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In the Forum: Horn-Loaded Speakers
In the Thread: Transition : Driver to throat, when throat is smaller than driver
Post Subject: Throat’s side thickness...Posted by Romy the Cat on: 5/25/2006

Jessie, at the home page, in the left, within the GoodSoundClub Section there is the “Announcements” item of menu, which will bring you to the thread with the instruction how to upload the images to the site.

Regarding the issues that you are trying to address. You are absolutely right and the throat’s side thickness is a commonly avoided acknowledgment subject. Ironically the throat’s side thickness is not only silent problem with the upper bass horn but also with compression drives. I have seen many of then that have internally a perpendicular surfaces that I personally believe shouldn’t be there. So, what to do with that Red Area?

I do not know. It is possible to make it as a contra-horn introducing a little bell in the opposite direction and making the deriver act as almost a compression driver. However it would essentially minimize the effective diameter of the cone. Sound derives from the perimeter of the driver diaphragm and by masking the outskirt of the driver you will change the driver characteristic. In which direction would it be? I do not think anyone knows… I do not think that there is anyone out there who was able to assess how different drivers with the different diaphragm profile, loaded into the different throat’s holes would sound. theoretically, purely theoretically the slightly larger  driver loaded into a throat create unavoidable front chamber. This front chamber acts as a first order low pass filter and as a resonator chamber with own completely unpredictable sonic qualities. If we add to the mix the reflections from the Red Area then we have a completely erratic behavior. The good part that all of it has to do only for higher frequencies and in your case when the horn will not be doing a lot of HF it might be irrelevant.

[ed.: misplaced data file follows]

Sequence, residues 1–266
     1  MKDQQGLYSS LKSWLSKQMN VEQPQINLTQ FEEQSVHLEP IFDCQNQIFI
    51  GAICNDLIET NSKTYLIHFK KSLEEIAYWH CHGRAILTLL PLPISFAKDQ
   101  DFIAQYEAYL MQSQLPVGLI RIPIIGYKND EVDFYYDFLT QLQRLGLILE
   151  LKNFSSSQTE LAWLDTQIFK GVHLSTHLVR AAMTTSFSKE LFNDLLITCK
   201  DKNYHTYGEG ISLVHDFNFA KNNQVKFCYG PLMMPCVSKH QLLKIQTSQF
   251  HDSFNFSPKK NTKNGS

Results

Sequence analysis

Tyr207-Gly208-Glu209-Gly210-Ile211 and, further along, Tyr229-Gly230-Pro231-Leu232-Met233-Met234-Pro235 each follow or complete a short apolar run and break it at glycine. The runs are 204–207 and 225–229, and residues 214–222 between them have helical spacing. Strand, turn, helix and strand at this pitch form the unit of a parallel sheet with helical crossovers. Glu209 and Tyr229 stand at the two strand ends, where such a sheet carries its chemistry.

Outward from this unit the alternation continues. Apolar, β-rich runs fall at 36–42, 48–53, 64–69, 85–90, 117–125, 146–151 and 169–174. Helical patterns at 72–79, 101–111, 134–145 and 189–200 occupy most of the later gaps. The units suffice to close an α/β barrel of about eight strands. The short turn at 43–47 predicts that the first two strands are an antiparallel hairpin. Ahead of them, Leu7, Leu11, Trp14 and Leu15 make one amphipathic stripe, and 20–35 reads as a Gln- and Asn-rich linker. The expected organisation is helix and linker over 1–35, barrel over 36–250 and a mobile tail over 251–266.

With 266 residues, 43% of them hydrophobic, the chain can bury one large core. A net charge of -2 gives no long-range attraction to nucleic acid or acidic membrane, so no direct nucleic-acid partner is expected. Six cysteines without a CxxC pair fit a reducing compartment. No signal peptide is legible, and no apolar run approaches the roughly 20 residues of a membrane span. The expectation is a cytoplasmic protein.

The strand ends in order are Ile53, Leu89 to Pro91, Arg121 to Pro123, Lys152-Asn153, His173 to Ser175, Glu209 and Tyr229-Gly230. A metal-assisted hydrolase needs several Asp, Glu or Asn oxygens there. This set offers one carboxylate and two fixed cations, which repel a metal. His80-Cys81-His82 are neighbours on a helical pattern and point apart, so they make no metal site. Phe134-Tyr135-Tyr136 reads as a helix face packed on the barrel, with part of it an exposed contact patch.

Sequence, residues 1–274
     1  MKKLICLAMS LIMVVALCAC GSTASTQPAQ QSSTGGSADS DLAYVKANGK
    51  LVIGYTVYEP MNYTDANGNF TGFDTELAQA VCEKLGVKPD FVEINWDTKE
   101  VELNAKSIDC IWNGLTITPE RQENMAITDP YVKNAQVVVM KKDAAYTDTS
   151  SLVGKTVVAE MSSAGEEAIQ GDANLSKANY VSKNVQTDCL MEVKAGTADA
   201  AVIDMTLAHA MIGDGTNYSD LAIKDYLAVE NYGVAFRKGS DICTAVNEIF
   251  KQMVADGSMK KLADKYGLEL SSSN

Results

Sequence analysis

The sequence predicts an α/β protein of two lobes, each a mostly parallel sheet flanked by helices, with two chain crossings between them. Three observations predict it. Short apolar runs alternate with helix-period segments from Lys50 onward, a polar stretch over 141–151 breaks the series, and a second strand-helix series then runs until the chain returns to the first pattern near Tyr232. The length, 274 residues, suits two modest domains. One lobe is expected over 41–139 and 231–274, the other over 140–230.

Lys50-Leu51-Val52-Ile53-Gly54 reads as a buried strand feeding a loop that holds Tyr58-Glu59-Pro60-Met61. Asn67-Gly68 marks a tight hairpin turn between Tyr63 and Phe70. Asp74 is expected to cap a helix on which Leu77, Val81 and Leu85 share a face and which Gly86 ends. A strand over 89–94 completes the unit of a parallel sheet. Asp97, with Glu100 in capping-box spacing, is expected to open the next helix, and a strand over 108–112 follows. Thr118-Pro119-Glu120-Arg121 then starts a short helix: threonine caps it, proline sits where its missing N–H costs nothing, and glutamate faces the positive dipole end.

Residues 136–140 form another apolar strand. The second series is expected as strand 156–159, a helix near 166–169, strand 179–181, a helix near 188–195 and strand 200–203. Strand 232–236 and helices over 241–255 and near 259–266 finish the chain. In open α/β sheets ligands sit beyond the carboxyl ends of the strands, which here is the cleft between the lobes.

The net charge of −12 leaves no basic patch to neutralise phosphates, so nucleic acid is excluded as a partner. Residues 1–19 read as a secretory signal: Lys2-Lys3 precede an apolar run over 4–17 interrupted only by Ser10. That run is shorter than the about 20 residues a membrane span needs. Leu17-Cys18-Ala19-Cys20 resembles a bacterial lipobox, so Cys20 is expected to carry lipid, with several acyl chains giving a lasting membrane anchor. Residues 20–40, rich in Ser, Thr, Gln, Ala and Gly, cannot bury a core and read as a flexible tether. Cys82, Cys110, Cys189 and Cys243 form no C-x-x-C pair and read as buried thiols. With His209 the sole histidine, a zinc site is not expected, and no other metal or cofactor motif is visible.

If you try to make the horn with 100Hz then the Fs of that driver should be around 1/3 octave below. For such a driver 1000Hz is handle-able but it might already that the driver might have a cone too heavy for 1000Hz. You have to listen it and see how it does. To make the Red Area as right and accusatorily abrasive as probably would be a good idea. Still it would have purely intellectual-logical purpose as I down that the stricture of this surface will be auditable at 500Hz. I ma very much be wrong and I look forward to learn form someone who has data regarding the subject.

Romy the Cat

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